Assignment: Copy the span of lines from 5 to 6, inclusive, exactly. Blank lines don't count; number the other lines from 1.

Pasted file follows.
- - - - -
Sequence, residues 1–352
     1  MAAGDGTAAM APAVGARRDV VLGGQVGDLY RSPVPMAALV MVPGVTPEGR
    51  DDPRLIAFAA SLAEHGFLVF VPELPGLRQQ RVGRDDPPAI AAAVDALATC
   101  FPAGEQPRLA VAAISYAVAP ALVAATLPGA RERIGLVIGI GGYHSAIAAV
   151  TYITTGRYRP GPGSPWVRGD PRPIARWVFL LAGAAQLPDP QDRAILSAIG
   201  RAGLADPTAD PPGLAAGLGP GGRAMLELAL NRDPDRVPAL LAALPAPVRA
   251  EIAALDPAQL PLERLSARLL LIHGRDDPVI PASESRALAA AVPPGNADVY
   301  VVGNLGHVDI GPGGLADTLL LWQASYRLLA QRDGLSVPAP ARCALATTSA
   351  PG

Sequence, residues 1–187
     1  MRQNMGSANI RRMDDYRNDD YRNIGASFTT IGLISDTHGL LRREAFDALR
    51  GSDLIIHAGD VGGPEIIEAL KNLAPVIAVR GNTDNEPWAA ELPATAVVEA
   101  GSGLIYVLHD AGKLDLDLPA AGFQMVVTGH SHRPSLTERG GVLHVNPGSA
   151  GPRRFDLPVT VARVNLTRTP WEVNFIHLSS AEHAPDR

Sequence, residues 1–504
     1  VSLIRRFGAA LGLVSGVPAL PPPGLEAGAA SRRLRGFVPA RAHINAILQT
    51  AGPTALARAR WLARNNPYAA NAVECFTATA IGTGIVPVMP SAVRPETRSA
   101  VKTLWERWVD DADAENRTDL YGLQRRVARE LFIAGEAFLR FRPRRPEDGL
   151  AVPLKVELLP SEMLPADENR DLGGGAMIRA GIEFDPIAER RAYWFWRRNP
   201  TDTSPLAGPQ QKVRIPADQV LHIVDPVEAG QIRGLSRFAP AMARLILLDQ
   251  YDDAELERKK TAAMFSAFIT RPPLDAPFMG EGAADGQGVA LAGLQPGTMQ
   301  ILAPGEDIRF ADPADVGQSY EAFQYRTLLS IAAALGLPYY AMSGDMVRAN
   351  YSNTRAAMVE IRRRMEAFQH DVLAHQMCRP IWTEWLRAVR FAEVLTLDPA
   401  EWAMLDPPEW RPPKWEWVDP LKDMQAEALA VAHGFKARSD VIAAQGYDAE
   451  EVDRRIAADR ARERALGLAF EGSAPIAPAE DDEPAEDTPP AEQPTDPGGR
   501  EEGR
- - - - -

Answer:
   151  TYITTGRYRP GPGSPWVRGD PRPIARWVFL LAGAAQLPDP QDRAILSAIG
   201  RAGLADPTAD PPGLAAGLGP GGRAMLELAL NRDPDRVPAL LAALPAPVRA